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Posted Mar 28, 2004
Authored by Simon Boulet

WebCT Campus Edition 4.1 suffers from cross site scripting vulnerabilities.

tags | advisory, vulnerability, xss
SHA-256 | 9811273a7d7f6f67502a55786b4bd23a23642644d3f8eaebf2dc404d231626bb


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Name: WebCT Campus Edition 4.1 - Cross site scripting using CSS @import
Release date: 2004/03/29
Application: WebCT Campus Edition 4.1 (, possibly others
Vendor URL: http://www.webct.com/ (WebCT Inc.)
Author: Simon Boulet <simon.boulet@divahost.net>

Legal Notice:
This Advisory is Copyright (c) 2004 Simon Boulet
You may distribute it unmodified.
You may NOT modify it and distribute it or distribute parts of it
without the author's written permission.

The information in this advisory is believed to be true though it may
be false. The opinions expressed in this advisory are my own and not of
any company. The usual standard disclaimer applies, especially the fact
that Simon Boulet is not liable for any damages caused by direct or
indirect use of the information or functionality provided by this
advisory. Simon Boulet bears no responsibility for content or misuse of
this advisory or any derivatives thereof.

WebCT Campus Edition is a course management system which allows the
delivery of course material and assessments online. It is used by many
colleges and universities world-wide.

This version of WebCT allows HTML tags to be inserted when posting new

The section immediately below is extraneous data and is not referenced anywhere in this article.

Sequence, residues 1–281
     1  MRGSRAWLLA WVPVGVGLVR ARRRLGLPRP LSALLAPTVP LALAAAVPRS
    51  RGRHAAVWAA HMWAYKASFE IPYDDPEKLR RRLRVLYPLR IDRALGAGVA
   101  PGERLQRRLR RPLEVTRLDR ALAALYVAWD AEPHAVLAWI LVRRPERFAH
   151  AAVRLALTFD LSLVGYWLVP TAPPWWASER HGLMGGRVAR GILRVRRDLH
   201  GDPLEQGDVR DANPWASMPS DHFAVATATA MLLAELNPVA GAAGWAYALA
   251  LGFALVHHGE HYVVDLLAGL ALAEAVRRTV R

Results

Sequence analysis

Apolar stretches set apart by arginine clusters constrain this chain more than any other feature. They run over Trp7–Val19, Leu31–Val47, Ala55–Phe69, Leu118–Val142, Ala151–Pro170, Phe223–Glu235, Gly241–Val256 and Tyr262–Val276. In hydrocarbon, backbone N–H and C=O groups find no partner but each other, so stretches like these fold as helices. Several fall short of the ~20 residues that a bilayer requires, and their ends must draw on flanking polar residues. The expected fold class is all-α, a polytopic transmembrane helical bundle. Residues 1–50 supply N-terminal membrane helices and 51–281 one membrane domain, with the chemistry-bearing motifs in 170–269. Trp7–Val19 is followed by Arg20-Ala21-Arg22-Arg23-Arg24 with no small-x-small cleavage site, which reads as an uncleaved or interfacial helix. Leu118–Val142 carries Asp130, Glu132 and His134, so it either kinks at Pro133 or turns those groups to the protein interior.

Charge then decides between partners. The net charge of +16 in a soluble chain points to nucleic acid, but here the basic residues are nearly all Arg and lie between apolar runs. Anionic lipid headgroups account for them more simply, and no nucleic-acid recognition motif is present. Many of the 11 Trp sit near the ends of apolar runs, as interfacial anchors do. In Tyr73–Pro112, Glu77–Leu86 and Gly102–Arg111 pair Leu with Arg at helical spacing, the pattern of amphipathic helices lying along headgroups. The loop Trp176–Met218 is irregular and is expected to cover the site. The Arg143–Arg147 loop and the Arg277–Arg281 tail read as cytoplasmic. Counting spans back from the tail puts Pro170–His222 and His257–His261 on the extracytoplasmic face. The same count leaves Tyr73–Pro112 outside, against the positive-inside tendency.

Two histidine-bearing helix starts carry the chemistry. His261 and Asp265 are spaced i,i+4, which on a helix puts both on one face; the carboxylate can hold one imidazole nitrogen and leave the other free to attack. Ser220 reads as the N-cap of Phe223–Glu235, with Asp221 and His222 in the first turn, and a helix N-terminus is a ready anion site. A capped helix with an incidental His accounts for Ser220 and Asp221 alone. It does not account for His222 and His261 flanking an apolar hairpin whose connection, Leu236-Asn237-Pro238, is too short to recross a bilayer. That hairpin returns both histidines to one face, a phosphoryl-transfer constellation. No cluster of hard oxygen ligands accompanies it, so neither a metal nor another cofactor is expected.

messages on a forum. Although WebCT filters dangerous tags insertion,
it is possible to bypass this security, resulting in a cross-site
scripting (XSS) vulnerability.

Microsoft Internet Explorer allows execution of JavaScript code inside
the CSS @import url() parameter. A user could post a specially crafted
message using the @import method to insert malicious JavaScript code in
a forum thread. The inserted code could potentially steal session
cookies from users accessing the given thread.

In most circumstances, this problem would result in the user’s session
hijacking (ex.: stealing the session id). But unfortunately, WebCT
Campus Edition stores sensitive information, such as login name and
password, directly in user’s cookies.

Furthermore, the file upload module, which allows students to upload
files directly through WebCT, seems to be vulnerable to the same issue.

A user could post the following code through a forum thread:

<style type="text/css">
@import url(javascript:alert(document.cookie));

The vendor was contacted on 2004/03/18 and has quickly addressed this
issue. Updates (untested) are available for the following products:

WebCT CE 4.1 SP2 Hotfix 40832

WebCT CE 4.0 SP3 Hotfix 40833

WebCT CE 3.8.4 Hotfix 8

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